Eat calcium-rich foods:Dairy products, leafy green vegetables, nuts, and soft-boned fish (like salmon or sardines) are all good sources of calcium.
Take a calcium supplement:If you’re not getting enough calcium from your diet, consider taking a calcium supplement. Calcium supplements are available in many forms, including tablets, capsules, and chews.
Get more sun:Your body needs vitamin D to absorb calcium. So spending time in the sun or taking a vitamin D supplement can help your body absorb more calcium.
Stop smoking:Smoking can interfere with the body’s absorption of calcium, so quitting smoking can help increase calcium levels.
It is best to consult a doctor before starting any new supplement regimen or making any dietary changes to ensure it is safe.
Q. Are eggs a calcium-rich food?
A.Eggs are a good source of calcium. Yet they are not considered particularly high in calcium compared to other foods. One large egg contains about 23 milligrams of calcium, or about 2% of the daily value for calcium. Although this is a significant amount of calcium, but not as much as you can get from other sources, such as dairy products, leafy green vegetables and fortified foods. Therefore, to get a significant amount of calcium from eggs, you need to eat a relatively large number of eggs.
Q. Do bananas increase calcium?
A.Bananas do not contain significant amounts of calcium. However, they are a good source of potassium, fiber and other essential nutrients.
Q. Which vegetables are high in calcium?
A.Some calcium-rich vegetables include broccoli, okra, spinach, kale, Chinese cabbage, bok choy, and collard greens. These vegetables are also rich in other essential nutrients, such as fiber and vitamins K and C. Therefore, you should include several vegetables to ensure you are getting enough nutrients.
Q. Which nut is best for calcium?
A.There are several types of dried fruits that are good sources of calcium. Some examples include almonds, which contain about 347 mg of calcium per 100 grams, and figs, which contain nearly 150 mg of calcium per 100 grams. Brazil nuts, hazelnuts, prunes and apricots are also good sources of calcium. It should be noted that dried fruits are a good source of calcium. But they are also high in calories and sugar. It is therefore essential to consume them in moderation as part of a balanced diet.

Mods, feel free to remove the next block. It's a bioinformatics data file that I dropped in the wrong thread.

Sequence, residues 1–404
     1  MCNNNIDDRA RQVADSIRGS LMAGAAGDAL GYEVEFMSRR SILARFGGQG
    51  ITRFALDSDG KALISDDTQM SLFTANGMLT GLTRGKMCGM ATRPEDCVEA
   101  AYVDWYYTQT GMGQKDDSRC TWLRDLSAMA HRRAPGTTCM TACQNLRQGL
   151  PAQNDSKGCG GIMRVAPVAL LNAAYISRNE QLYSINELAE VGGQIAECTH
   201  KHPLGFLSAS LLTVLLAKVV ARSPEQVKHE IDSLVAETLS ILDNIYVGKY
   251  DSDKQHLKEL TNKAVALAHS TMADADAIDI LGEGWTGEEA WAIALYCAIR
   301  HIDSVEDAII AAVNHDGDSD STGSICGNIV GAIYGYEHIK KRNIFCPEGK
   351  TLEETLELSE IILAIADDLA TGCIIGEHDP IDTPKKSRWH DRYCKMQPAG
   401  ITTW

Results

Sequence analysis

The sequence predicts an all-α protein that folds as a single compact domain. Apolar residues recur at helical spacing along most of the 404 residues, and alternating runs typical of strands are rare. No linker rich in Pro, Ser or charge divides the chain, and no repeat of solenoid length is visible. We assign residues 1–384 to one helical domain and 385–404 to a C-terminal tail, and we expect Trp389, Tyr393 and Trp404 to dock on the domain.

Q. Are apples high in calcium?
A.Apples contain calcium, but they are not a particularly rich source of this nutrient compared to other foods. For example, a medium apple (182 grams) contains about 19 milligrams of calcium, or about 2% of the recommended intake for an adult. On the other hand, a serving of dairy products like milk, cheese, or yogurt can contain hundreds of milligrams of calcium. Therefore, it is essential to include a variety of calcium-rich foods in your diet to ensure that you are getting enough of this essential nutrient.
Sources of support
1. Cormick G, Belizán JM. Calcium intake and health. Nutrients. 2019 Jul 15;11(7):1606. doi: 10.3390/nu11071606. PMID: 31311164; PMCID: PMC6683260.
2. Calcium and vitamin D: important at any age. NIH Osteoporosis and Related Bone Diseases
3. Calcium: National Institute of Health
4. Harvard TH Chan School of Public Health
5. Villa-Etchegoyen C, Lombarte M, Matamoros N, Belizán JM, Cormick G. Mechanisms involved in the relationship between low calcium intake and high blood pressure. Nutrients. 2019 May 18;11(5):1112. doi: 10.3390/nu11051112. PMID: 31109099; PMCID: PMC6566648.
6. Kumar A, Kaur S. Calcium: a nutrient in pregnancy. J Obstet Gynaecol India. 2017 Oct;67(5):313-318. doi: 10.1007/s13224-017-1007-2. Published online May 22, 2017. PMID: 28867880; PMCID: PMC5561751.